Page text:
Tony Gao emerges from a gun store in City of Industry, Calif., with something he could have never gotten in his native China: a handgun license.
He passed the firearm safety test on his third try — he says the store’s Chinese translation of the test is a little off — but still, he’s a little nervous.
“Are you sure police won’t try to get me?” Gao, 58, asks.
Private gun ownership is generally banned in China. So when Chinese immigrants arrive in the U.S., many are curious about owning firearms.
In Los Angeles, Chinese immigrants frequent Gun Effects, a firearms store housed in a strip mall that includes a boba tea spot, a massage parlor and a dinosaur-themed Taiwanese restaurant.
On a recent weekday, a line formed at a bilingual English and Chinese sign-in sheet as Tom Petty crooned over the store speakers. A few customers puzzled over a Chinese translation of the handgun test beneath an empty wall where the store once displayed assault weapons — all of which were snapped up before California’s tough new gun control measures take effect Jan. 1. The legislation was signed by Gov. Jerry Brown in July in the wake of simmering outrage over mass shootings in San Bernardino and Orlando, Fla.
Across the state, sales have surged for semiautomatic rifles with bullet buttons, devices that allow for quick switching of ammunition cartridges and are banned under new law. Overall firearms sales increased by 40% over last year, according to the state Department of Justice.
In November, voters also approved Proposition 63, which outlaws the possession of magazines with more than 10 rounds, expands background checks for those buying bullets and makes it a crime to fail to report a lost or stolen gun.
At Gun Effects, Chinese buyers have shown up in droves to buy the store’s stock of soon-to-be restricted firearms.
Kai Kang, 48, lined up to purchase a scope for one of his guns. He remembers being curious about owning a gun when he came to America about a decade ago. In China he was in the military, but he never thought about owning a gun for his personal use.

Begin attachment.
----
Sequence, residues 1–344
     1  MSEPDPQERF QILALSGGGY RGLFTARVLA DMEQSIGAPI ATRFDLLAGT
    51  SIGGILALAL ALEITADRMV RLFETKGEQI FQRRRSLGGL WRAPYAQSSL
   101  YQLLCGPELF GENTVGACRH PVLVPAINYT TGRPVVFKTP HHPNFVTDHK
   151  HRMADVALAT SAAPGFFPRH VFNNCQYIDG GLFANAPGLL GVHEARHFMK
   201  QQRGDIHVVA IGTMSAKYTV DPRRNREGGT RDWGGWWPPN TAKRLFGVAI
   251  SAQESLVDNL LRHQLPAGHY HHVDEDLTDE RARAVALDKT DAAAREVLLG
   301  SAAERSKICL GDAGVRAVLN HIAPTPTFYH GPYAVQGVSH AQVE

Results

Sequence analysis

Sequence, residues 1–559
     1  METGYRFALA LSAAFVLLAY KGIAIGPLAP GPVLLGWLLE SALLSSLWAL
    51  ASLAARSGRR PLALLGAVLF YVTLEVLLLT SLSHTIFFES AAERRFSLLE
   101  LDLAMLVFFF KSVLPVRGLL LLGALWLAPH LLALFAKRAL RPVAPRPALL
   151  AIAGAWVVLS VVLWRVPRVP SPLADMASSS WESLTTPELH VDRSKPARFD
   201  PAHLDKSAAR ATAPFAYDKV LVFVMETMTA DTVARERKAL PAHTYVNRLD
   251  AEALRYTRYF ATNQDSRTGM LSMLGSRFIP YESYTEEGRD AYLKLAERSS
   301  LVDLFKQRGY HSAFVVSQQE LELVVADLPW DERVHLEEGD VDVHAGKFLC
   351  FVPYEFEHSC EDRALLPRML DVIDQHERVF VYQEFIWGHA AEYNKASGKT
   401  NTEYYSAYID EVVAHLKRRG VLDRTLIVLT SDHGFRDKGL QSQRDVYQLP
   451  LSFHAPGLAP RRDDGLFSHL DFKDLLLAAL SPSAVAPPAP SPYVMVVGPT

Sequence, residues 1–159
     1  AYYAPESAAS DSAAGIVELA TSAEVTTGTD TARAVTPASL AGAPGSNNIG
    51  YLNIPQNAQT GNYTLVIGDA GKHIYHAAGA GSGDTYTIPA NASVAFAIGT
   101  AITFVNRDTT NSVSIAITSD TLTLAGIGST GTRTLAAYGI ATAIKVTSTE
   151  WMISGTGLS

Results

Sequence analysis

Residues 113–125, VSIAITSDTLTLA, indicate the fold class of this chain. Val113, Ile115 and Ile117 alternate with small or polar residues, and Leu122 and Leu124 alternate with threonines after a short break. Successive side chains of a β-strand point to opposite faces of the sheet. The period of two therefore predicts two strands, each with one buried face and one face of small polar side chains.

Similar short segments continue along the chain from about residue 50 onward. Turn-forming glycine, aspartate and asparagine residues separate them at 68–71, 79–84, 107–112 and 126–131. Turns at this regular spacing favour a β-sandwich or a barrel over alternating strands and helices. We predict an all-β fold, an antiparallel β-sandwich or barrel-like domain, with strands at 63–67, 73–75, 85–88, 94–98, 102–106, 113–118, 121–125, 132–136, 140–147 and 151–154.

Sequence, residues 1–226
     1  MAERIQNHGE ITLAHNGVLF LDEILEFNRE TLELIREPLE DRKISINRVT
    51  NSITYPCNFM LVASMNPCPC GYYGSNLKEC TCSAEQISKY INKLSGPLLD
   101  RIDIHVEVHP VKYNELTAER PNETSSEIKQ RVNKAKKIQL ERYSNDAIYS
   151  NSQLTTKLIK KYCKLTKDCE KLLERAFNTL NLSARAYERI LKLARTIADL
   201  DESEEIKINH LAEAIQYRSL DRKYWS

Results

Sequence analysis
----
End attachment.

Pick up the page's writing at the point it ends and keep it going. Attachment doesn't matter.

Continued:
Once he had his green card, he decided to try it out. Gun collecting eventually became a hobby. He goes to shooting ranges with his friends and keeps guns in his house for protection.
“I have short guns, long guns, handguns, AR-15s, rifles. I bought one, then I just kept buying more,” Kang said.
Gun Effects’ popularity with Chinese customers could have something to do with its Chinese ownership and bilingual services. The store’s owner, Dennis Lin, was born in Guangdong, China, to a dim sum chef and his wife. He came to the U.S. when he was 3 years old.
Lin, 29, grew up playing with airsoft guns and started a business selling gun accessories online after graduating from college. When the business grew, he opened a store.
Business was slow at first. He placed online advertisements, but they failed to increase demand. Still, about a year ago, Chinese customers began to show up in large numbers.
“I don’t even know how this happened, really,” Lin said. “In the past, most of our business has been with non-Chinese customers.”
Now about 40 percent of customers are Chinese, Lin said. He hired two Chinese-speaking employees and ramped up his study of Mandarin. He also travels to China several times a year to learn more about Chinese culture, which he never had much connection to as a kid.
In China, he’s careful never to say that he sells guns for a living.
“They do get nervous,” Lin said. “It’s like a taboo.”
Chinese customers often have questions about legality and safety, said Queenie Yang, one of the store’s Chinese-speaking employees. And many of them need time to get comfortable with even holding a gun.
In China, you only see guns on TV.
One Chinese customer new to the country started shaking when he held a gun for the first time, Lin said. When he handed the gun back to Lin, it was soaked with sweat.
“I just tell them don’t be scared. It’s legal here,” Lin said.
Gao said that in China he never thought of owning a gun, and he admitted to being a little afraid of them. But he lives in America now, and he’s mostly retired and a little bored. His friends go to shooting ranges to pass the time and he decided to join them.
“I’m just doing this for fun. I don’t think everyone should have a gun,” Gao said.
Gao’s stance mirrors national trends. Asian Americans have the lowest rates of gun ownership among all demographic groups, according to exit polls conducted during the 2008 presidential election. And a 2016 survey of Asian American registered voters by APIAVote found that 77 percent wanted stricter gun control laws. Even Gao said he wouldn’t support legalizing private gun ownership in China.
Jason He, another Chinese customer, agreed. He thinks it would be unwise for China to legalize private gun ownership, and expressed support for California’s new assault weapon restrictions.
Still, when his name was called from the wait list, he peppered one of the gun store’s Chinese-speaking employees with questions about weights, how to practice, and what kind of gun his wife should buy. He’s looking for a handgun and a long gun for his house, nothing too fancy or expensive.
Policy and politics aside, He said he has always wanted a gun.
“In China,” He said, “you only see guns on TV.”